Accidents are no film sets
EMS staff have enough to deal with when responding to a call, the last thing they need is members of the public making harder work of it. In this column, Thijs Gras explains the difference between ‘innocent inquisitiveness’ and ‘sick sensationalism’ when it comes to the scene of an accident.
We got a call: probable resuscitation in a tram. When we arrived we found a man of about 70 years lying on the ground in a tiny space inside the tram. It was cold and rainy, so carrying him outside was not an option, at least not without proper preparation for which we had no time. The police were already performing CPR, all the passengers were out of the tram.
We pulled the man a little under to create a bit more space and took over the resuscitation. While I was ballooning the man I suddenly noticed someone on the outside, looking curiously through the window of the tram as to what we were doing there. I was amazed and so were the police. After this guy was chased away, only a couple of moments later a woman took over. She gazed inside.
Now I must admit I have a certain degree of understanding, people being inquisitive when something happens involving lights and sirens. Mankind is naturally curious. In my younger years hearing the fire service accelerated my heartbeat and if I knew where they were going to, I went as well. A fire is fascinating to see. Smoke and flames, lights and sirens attract attention, which generally is okay, as long as you do not come too near or hamper rescue and/or fire fighting operations.
Labelling it positively, one could refer to this as interest in the community, in society, in other people. The attraction could even have an evolutionary use: it is a way to mobilize help and assistance. It is only relatively recently that rescue and emergency medical care outside the hospital is professionalized and trusted to specially trained people from dedicated organizations and services.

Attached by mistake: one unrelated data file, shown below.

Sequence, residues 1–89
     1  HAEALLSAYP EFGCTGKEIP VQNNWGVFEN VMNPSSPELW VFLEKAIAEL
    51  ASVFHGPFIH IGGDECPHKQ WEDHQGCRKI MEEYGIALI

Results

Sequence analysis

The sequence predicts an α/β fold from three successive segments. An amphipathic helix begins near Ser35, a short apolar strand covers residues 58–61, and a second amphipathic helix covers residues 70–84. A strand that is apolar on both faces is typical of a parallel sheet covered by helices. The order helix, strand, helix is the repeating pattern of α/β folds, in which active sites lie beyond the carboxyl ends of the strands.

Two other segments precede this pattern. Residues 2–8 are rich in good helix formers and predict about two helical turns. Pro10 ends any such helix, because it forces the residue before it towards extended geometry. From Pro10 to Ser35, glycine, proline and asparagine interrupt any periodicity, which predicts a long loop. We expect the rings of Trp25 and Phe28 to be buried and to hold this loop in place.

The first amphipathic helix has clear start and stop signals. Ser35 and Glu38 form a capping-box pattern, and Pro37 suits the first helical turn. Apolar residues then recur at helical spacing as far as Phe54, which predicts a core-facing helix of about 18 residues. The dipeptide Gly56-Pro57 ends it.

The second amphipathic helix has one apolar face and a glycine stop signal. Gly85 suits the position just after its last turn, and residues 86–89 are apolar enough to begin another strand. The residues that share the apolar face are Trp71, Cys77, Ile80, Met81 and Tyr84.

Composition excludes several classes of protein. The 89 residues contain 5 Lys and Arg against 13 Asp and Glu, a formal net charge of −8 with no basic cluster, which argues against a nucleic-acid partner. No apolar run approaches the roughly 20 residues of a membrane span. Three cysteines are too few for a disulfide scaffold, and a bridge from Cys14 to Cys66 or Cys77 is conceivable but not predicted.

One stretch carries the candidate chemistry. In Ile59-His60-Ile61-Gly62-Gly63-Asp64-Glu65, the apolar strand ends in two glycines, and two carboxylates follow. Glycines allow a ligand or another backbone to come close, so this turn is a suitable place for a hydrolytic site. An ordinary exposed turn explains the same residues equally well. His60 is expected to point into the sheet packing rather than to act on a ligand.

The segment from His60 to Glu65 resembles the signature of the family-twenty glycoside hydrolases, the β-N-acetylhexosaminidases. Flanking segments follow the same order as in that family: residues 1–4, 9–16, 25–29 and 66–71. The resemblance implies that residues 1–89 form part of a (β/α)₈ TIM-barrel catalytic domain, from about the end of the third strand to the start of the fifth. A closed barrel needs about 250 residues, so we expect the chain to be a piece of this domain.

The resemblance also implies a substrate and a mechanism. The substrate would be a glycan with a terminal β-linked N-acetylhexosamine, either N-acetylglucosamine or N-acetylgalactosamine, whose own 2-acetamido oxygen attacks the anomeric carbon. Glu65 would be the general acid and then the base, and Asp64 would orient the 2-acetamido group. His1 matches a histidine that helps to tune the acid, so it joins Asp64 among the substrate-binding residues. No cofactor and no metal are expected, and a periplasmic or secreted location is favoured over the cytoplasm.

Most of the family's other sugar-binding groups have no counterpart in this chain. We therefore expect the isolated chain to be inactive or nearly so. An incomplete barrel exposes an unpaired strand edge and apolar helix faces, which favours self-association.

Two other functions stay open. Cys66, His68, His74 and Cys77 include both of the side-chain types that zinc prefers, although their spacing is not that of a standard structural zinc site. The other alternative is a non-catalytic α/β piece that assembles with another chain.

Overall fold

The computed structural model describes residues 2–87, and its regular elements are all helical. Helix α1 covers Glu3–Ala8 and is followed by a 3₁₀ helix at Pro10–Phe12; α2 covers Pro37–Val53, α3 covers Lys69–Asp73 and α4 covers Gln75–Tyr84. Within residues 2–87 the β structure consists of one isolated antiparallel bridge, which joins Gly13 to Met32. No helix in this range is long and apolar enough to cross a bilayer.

But even nowadays we value first responders and bystanders because they have one big advantage over the professionals: time. Professionals need to be informed there is a problem, find out where it is and who should be handling this, and then alert the required units to rush to the scene. All these steps take time, so having people around to extinguish a fire, control a bleeding or perform CPR may be of great value.
But there are boundaries. Some people prefer filming to rendering first aid. This is ridiculous of course. Even after emergency services arrived on the scene and are doing their job, people may come very close, sometimes too close for comfort. Being a historian, I went through a lot of pictures of accidents. One would be amazed by the number of people watching accidents on some of the older pictures. Apparently this is of all ages. In the Netherlands we call this ‘disaster tourism’.
But do not forget, it may be dangerous! Even in The Netherlands we had a nasty experience in this field with the big explosion of a firework factory in the town of Enschede in May 2000. Among the 22 fatalities (including four fire fighters) and about 950 injured, were a number of people that had come to the incident just out of curiosity.
In recent years cell phones and iPhones have taken sensationalism a step further; everything is filmed nowadays. You make your own reality TV and broadcast it among your friends or nasty news channels. With a bit of luck your footage goes viral.
Last year in August there was a big collision on one of the Dutch highways. One person was so seriously injured he had to be resuscitated. People were filming everything. They bashed through the accident scene trying to get the best pictures, destroying important marks for the police investigation. They used lanes, marked with red crosses.
A car even stopped on the opposite side of the motorway to film the accident, almost causing another accident with an oncoming lorry. Police noted as many registration plates as possible to give these people a big fine. Will they learn?
There are thin lines between innocent inquisitiveness, caring curiosity, sick sensationalism and pathologic papparazionism. The first two are relatively okay and can be dealt with, the other two are not okay and refutable.
As ambulance crews we ask the right honourable members of the public not to film patients and victims. And if you are struggling against the temptation, just reflect before you film: “What if this was me or my mother or my father? Do I want to go viral?” Accidents are no film sets. . .